...sigh...It becomes Schindler's List Meets Sleepless in Seattle.  I do not exaggerate.  (Well, perhaps a little.)

Could've been an outstanding book had the author book-ended the main story with the suicide, perhaps, or otherwise focused more on that.  Focusing the entire second half of the book on the aforementioned things, rather than on Sarah at all, or on the tragedies in her childhood, and then at the end of her life, actually degrades the real-life tragedy and drags the whole thing into quasi-sappy melodrama.

Sarah deserved a LOT better than that.  Sarah, in fact, transcends the trappings of this novel she's trapped in, and will live within you, outside the rather narrow confines of this book's borders.  She's a character, much like Shakespeare's Juliet, that is superior to the work she's placed in.  You'll be grateful, though, that the book exists as a vehicle for her to be born in, and then to survive and surpass.

For a look at a movie review from the New York Times that agrees with my assessment of the book the movie's based on, go to  Its final word is the same as mine, in terms of the essential fault of the book and film: both stories couldn't co-exist in the same vehicle, and the one about the pitfalls of today's relationships trivializes the truth and tragedy of the horror that really did happen in Paris, France in July, 1942.

Sunday, June 3, 2012

The Wind Through the Keyhole--Stephen King

photo: The book cover of the mass hardcover (not one of the 800 limited edition covers) from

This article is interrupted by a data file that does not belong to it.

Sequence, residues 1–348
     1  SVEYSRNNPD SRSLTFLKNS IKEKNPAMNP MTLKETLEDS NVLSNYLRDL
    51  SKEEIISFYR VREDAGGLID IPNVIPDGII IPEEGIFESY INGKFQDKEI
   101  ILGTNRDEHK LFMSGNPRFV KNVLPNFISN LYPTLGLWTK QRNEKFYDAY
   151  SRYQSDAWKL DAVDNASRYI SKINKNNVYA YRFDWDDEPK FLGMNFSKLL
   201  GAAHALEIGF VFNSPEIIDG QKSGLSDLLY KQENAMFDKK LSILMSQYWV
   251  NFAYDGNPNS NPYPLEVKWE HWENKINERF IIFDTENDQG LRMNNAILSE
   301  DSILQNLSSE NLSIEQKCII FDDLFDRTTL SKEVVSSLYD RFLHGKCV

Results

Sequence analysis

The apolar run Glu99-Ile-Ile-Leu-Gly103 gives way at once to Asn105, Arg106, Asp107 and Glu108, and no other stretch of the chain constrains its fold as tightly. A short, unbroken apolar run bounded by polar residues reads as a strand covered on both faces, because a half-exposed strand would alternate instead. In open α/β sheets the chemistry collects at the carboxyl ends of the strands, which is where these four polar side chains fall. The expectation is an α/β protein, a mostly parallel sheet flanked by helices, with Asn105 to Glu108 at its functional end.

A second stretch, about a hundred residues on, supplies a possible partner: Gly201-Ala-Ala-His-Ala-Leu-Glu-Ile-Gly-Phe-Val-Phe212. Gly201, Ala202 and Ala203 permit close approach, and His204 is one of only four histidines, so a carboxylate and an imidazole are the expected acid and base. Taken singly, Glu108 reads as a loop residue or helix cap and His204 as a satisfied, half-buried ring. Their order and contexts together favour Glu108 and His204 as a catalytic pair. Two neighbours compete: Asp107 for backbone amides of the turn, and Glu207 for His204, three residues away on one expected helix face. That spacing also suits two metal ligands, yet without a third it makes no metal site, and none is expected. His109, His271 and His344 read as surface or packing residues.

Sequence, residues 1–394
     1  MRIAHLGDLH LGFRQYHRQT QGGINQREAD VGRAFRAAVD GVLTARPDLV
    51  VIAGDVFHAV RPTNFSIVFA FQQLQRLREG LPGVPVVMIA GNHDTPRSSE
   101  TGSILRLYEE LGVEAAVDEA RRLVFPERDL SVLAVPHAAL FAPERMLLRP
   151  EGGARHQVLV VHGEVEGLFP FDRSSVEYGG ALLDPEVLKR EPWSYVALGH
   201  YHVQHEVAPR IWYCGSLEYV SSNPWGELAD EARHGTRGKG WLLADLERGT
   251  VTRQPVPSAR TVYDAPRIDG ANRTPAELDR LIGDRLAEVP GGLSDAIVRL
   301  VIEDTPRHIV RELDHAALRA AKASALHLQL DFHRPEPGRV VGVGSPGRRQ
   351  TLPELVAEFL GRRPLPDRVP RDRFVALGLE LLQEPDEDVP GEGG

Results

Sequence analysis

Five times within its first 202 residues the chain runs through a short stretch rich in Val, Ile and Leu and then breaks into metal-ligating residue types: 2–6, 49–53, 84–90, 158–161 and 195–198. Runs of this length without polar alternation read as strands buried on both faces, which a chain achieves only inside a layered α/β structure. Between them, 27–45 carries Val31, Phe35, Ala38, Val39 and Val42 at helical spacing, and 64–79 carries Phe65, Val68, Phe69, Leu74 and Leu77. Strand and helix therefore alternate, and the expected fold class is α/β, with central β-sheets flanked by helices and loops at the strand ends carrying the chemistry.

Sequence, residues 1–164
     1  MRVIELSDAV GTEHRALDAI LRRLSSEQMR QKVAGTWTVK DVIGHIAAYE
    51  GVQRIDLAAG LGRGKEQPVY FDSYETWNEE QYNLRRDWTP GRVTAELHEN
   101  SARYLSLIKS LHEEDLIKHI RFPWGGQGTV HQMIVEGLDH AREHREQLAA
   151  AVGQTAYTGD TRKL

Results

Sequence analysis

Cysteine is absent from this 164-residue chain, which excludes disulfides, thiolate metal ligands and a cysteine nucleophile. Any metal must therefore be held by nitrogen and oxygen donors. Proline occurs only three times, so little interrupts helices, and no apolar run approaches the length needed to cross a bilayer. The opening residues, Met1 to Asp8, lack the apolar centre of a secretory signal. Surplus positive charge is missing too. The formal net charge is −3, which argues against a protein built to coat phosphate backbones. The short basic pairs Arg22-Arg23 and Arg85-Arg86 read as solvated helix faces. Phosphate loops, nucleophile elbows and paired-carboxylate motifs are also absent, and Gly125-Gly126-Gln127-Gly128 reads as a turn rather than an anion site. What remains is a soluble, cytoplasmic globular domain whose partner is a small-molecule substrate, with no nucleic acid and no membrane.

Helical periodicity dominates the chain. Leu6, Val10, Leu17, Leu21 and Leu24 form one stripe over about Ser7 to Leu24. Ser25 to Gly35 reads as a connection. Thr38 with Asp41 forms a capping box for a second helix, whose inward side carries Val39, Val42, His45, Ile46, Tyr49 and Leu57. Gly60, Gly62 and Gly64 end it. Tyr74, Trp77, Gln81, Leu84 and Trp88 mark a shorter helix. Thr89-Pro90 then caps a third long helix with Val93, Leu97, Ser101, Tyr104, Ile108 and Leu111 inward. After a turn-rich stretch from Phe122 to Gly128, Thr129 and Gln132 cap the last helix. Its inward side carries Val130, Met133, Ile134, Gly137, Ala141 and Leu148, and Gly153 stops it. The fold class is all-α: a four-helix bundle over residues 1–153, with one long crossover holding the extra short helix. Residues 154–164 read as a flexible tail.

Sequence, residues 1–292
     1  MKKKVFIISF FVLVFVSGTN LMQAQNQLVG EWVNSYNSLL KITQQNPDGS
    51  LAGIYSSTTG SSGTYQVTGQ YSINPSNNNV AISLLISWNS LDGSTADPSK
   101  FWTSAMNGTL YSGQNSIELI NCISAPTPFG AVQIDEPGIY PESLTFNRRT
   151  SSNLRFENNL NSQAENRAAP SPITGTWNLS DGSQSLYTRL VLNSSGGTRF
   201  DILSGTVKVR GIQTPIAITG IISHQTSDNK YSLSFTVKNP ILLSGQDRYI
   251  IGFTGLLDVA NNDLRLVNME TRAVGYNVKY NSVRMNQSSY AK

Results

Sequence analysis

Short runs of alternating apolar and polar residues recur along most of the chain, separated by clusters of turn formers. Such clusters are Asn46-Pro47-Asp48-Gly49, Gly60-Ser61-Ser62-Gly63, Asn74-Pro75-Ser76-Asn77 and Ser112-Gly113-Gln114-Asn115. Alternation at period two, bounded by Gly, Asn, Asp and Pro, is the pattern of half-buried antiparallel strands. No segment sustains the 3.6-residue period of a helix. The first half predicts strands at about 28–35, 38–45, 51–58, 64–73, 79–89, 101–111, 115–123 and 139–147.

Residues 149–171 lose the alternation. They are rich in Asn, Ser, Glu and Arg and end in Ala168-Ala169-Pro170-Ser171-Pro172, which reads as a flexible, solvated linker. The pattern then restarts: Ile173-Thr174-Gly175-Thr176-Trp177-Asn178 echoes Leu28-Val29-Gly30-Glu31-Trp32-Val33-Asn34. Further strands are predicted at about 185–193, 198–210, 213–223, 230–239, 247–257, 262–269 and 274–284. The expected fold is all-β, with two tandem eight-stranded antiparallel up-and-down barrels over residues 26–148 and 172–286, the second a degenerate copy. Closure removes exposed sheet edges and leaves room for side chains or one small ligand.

An excuse me, I forgot something entry into the Dark Tower series, this one is actually two novellas--both completely different, though both take place in Dark Tower territory--in which one is sandwiched (or bookmarked, or framed, if you will)--by the other.  (Actually, it's literally a story-within-a-story-within-a-story, but whatever.)  As a Dark Tower book, the novella with Roland takes precedence, but the other story, with Tim Stoutheart, is actually the better, and a mini-Dark Tower series in of itself (with a touch of Jack Sawyer from King's and Straub's The Talisman).  Roland's story, with a third-person omniscient narrator, has him as a much younger guy, tracking down a shape-shifter (called the Skin-Man) who's been killing lots of people.  Roland himself tells the other story, about Tim Stoutheart, while he and a young boy await the arrival of a group of men--one of whom is the shape-shifter.  The story he tells involves a Man in Black, who readers of the series will remember, and he even comes with the initials RF, for die-hard King fans who remember Randall Flagg's various guises.  This one has a disturbing bit of Life of Pi in it (it's got an existential tiger), as well as a mischievous and possibly evil Tinkerbell-like character.  It's full of the wonderment that I like from the series, and goes easy on the crossover stuff, which some of the other books got bogged down with.  This one is better written than the Roland part, as well.